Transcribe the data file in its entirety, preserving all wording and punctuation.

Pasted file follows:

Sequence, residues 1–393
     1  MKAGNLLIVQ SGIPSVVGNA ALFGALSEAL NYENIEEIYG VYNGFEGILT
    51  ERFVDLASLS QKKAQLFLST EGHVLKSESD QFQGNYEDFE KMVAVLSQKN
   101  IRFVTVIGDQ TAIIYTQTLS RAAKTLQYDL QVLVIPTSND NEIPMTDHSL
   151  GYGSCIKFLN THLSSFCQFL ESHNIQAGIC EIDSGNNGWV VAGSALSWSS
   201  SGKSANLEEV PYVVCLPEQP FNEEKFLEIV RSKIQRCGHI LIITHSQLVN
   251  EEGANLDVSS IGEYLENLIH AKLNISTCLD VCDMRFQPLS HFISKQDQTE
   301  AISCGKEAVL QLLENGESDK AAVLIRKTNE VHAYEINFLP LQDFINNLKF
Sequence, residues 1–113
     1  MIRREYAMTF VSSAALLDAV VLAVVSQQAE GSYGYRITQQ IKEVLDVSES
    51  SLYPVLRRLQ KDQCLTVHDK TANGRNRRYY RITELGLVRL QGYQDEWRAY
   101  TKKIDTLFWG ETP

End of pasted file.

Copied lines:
Sequence, residues 1–393
     1  MKAGNLLIVQ SGIPSVVGNA ALFGALSEAL NYENIEEIYG VYNGFEGILT
    51  ERFVDLASLS QKKAQLFLST EGHVLKSESD QFQGNYEDFE KMVAVLSQKN
   101  IRFVTVIGDQ TAIIYTQTLS RAAKTLQYDL QVLVIPTSND NEIPMTDHSL
   151  GYGSCIKFLN THLSSFCQFL ESHNIQAGIC EIDSGNNGWV VAGSALSWSS
   201  SGKSANLEEV PYVVCLPEQP FNEEKFLEIV RSKIQRCGHI LIITHSQLVN
   251  EEGANLDVSS IGEYLENLIH AKLNISTCLD VCDMRFQPLS HFISKQDQTE
   301  AISCGKEAVL QLLENGESDK AAVLIRKTNE VHAYEINFLP LQDFINNLKF
Sequence, residues 1–113
     1  MIRREYAMTF VSSAALLDAV VLAVVSQQAE GSYGYRITQQ IKEVLDVSES
    51  SLYPVLRRLQ KDQCLTVHDK TANGRNRRYY RITELGLVRL QGYQDEWRAY
   101  TKKIDTLFWG ETP